David: A corollary to that: on the cross-border interventions, for dioceses such as ANiC who are now a part of ACNA (with ties to the global south diminishing), there is really no longer a cross border factor. But something else was brought up in canon Kearon's letter and that was it still has to be decided whether a bishop who is operating in a diocese without the permission of the diocesan bishop of the "official" Anglican Church, could be construed as a conducting a cross-border intervention. Any thoughts?

Bishop William: Yes, it's why the whole thing's a mess. ACNA and ANiC didn't come into being in a vacuum: they came into existence out of a context that the Canadian church failed - and failed quite badly - to deal with: that was the initiation of doing the blessings in New Westminster. I've now been at 2 synods where the synod chose not to deal with the issue - although they came close in the last one when they did not approve the local option - the Canadian Church has sailed along and allowed the bishops to continue. They said, general synod has no authority to stop them. That being the case, the primate and the synod of the Canadian church can't have it both ways. They can't say, "shame on ANiC and shame on ACNA, you should not be crossing the border" and still countenance blessings being done within Canadian dioceses.

The question is, is there going to be a ceasefire where everyone holds their position; that would be one way of preventing the contagion from spreading. But - and this goes back to my original comments about what the primate said - those complaining about cross-border incursions and its causing pain - that's fine, but what about all the problems and all the pain created by the situation that gave rise to the incursions. Those are pains that are still being felt in this synod.

David: what is the most important issue facing the ACoC now and is it being addressed in synod? Is it perhaps not SSBs, but, say, the questioning of Biblical authority which has given rise to the fact that people feel free to perform SSBs? Or even other basics of the faith such as the Resurrection. Do you have any thoughts on this?

Bishop William: I have a great many thoughts on this. Is it being addressed? - no, it's not being addressed at all.... that I've heard. A lot of church-speak goes on at these things [David - I noticed]. People talk about doing more evangelism, we need to love, but there's absolutely no depth to those comments. If you're going to do evangelism, you have to have a message to give. And that message has to be clear and it has to be focussed. If you want people to develop the discipline of love, you have to teach them, what it means to love. For a Christian church, that should look something like what Jesus taught. Because we've gone down the road of being very simplistic about those things, we have an incredibly confused unfocussed message.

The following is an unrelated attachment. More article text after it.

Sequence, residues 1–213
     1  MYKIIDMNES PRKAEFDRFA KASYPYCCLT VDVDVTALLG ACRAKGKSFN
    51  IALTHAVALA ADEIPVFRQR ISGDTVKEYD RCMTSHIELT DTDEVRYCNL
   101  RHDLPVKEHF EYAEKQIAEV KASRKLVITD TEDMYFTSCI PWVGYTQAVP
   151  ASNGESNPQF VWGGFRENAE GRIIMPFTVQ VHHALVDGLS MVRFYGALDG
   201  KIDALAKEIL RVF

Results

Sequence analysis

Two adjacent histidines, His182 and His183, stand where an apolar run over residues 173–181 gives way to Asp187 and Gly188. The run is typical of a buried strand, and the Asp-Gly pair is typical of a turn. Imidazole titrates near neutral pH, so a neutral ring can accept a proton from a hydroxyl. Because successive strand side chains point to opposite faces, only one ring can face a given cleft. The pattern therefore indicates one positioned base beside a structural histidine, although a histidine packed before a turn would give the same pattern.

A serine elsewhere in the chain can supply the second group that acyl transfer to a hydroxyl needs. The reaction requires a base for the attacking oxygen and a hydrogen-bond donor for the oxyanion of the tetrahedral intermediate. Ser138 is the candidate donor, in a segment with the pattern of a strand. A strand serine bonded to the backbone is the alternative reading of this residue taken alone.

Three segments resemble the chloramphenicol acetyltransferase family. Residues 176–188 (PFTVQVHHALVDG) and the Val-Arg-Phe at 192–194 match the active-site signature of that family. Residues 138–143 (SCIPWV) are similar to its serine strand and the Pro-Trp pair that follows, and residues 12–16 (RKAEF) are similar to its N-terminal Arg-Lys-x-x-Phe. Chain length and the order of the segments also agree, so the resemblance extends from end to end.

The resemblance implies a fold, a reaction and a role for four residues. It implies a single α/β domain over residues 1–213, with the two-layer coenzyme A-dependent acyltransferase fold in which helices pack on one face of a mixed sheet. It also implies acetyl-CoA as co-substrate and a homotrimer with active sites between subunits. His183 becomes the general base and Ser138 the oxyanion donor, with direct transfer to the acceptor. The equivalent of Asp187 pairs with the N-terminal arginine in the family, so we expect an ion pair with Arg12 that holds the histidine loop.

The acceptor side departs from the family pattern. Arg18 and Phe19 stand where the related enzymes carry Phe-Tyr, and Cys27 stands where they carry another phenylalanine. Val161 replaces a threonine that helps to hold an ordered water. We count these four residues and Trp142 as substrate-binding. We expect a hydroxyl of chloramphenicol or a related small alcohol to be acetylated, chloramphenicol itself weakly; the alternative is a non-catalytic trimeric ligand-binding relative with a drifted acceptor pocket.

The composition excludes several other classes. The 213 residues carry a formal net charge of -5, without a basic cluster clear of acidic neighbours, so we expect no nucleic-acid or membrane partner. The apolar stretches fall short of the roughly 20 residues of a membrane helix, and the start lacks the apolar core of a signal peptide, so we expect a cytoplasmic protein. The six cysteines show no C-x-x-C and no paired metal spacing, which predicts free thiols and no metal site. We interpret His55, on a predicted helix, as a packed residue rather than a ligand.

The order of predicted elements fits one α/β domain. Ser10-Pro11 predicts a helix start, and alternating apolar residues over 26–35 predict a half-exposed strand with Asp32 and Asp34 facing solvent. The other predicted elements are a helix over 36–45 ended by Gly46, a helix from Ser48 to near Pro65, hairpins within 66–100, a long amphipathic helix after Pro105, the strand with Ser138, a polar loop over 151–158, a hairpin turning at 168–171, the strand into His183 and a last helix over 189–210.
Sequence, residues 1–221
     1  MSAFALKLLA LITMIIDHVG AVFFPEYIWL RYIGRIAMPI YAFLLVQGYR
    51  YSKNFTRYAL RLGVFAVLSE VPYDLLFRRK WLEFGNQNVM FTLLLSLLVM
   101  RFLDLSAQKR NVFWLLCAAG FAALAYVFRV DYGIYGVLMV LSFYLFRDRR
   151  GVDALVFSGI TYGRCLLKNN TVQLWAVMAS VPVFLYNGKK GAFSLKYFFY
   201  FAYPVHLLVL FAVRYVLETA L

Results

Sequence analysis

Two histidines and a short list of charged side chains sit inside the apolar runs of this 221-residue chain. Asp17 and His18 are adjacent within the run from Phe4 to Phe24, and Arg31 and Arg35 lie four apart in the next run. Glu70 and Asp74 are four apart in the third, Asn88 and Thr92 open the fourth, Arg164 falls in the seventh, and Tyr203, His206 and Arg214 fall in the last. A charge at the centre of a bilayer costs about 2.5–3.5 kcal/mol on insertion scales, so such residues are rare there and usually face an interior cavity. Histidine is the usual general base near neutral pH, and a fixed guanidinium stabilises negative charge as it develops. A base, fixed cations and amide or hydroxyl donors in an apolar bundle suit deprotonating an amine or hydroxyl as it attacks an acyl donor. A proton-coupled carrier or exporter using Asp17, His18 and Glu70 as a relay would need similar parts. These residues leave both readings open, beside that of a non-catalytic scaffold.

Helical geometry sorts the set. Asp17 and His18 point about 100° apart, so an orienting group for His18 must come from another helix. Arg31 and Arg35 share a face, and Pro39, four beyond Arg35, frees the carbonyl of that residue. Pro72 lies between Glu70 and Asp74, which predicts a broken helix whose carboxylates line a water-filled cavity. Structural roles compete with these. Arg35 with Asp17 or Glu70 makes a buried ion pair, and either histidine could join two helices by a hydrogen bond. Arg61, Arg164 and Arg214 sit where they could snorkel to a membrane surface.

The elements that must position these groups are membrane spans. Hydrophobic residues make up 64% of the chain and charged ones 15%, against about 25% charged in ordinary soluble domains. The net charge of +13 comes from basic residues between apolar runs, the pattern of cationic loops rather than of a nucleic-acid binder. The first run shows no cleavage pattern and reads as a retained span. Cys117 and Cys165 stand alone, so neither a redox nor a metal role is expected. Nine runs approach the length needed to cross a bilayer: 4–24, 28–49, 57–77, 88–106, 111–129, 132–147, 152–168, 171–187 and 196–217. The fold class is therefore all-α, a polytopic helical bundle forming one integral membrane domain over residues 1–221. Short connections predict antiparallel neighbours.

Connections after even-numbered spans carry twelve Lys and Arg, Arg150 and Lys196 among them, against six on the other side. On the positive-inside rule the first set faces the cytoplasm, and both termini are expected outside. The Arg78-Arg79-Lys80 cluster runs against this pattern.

It's a bit like, if I owned a franchise of McDonalds and I decide I don't like the way corporate headquarters makes Big Macs, so I'm going to make my own kind of hamburgers and I'll serve them any way I want. That might be fulfilling personally, but you're going to lose customers as people go there expecting one thing and get something else. We're heading down that road very fast in the ACoC. We want everybody's opinion to be of equal weight, of equal value - it doesn't matter whether it's theologically sound or Biblically sound - you just want people to feel good. In my experience most people - young people in particular - see through that as a fraud. Why would I lay my life down for that? I can sleep in bed on Sunday morning if every thought that rumbles around my head is of equal value.

You're right, we're in this mess, in part, because, as a church we've become very unfocussed, we've lost our moorings; to get out of this mess, we have to find those commonalities in the faith that are the foundation for community. We're not talking about that: we're skating away from that as fast as we can. You used the phrase "Biblical authority" –we aren't in agreement on Biblical authority [David - even on what that phrase means] - yes, exactly.

From a personal perspective, as a bishop, I'm called to teach the apostolic faith as best I can. When I'm looking at a complex issue, I don't just sit down and say, "well, Bill what do you think." I do the best Biblical exegesis I can - and part of that is informed by taking a look at what the church Fathers said about it; what have the great theologians through the centuries said about it; what do the best scholars in the current age say about it. So I'm informed by the voice of all the saints through the centuries. It doesn't mean I always get it right, but at least I'm trying. We haven't taught people to do that.

There was a curious heresy I heard at some point in this synod: that the God of the Old Testament is one God and the God of the New Testament is another God, and the Holy Spirit is doing something brand new now. That's a heresy that was condemned in the early centuries of the church. We have a Triune God - the idea that we can dismiss elements in the church's history or its expressions of God as if somehow, the Holy Spirit is doing something new because suddenly God the Father and God the Son are wrong - that's a strange notion.

END